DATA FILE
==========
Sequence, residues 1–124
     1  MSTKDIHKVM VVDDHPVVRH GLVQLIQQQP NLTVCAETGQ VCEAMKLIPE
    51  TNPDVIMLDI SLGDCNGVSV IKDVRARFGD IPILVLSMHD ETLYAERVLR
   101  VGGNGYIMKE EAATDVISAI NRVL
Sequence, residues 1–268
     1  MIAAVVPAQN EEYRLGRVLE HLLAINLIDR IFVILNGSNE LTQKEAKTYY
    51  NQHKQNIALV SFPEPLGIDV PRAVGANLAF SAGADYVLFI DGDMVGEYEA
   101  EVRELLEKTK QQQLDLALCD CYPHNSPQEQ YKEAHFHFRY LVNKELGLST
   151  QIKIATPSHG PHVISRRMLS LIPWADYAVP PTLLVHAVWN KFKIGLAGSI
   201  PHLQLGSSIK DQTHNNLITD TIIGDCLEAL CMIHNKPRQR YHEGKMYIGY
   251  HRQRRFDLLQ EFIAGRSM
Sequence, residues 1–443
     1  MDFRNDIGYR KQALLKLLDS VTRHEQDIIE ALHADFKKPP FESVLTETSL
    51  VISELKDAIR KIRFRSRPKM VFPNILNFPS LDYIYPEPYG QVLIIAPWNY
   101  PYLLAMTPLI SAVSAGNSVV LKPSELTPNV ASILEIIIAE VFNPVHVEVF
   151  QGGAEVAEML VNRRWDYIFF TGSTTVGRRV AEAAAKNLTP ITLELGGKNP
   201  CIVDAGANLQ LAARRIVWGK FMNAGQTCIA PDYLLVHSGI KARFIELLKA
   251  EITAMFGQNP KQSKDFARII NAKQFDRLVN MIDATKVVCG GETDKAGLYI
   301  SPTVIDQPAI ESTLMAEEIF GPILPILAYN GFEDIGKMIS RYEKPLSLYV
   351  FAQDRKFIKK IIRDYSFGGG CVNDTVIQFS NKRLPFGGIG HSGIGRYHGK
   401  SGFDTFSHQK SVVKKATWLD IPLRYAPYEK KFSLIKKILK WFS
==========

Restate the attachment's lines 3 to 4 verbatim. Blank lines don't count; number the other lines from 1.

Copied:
    51  TNPDVIMLDI SLGDCNGVSV IKDVRARFGD IPILVLSMHD ETLYAERVLR
   101  VGGNGYIMKE EAATDVISAI NRVL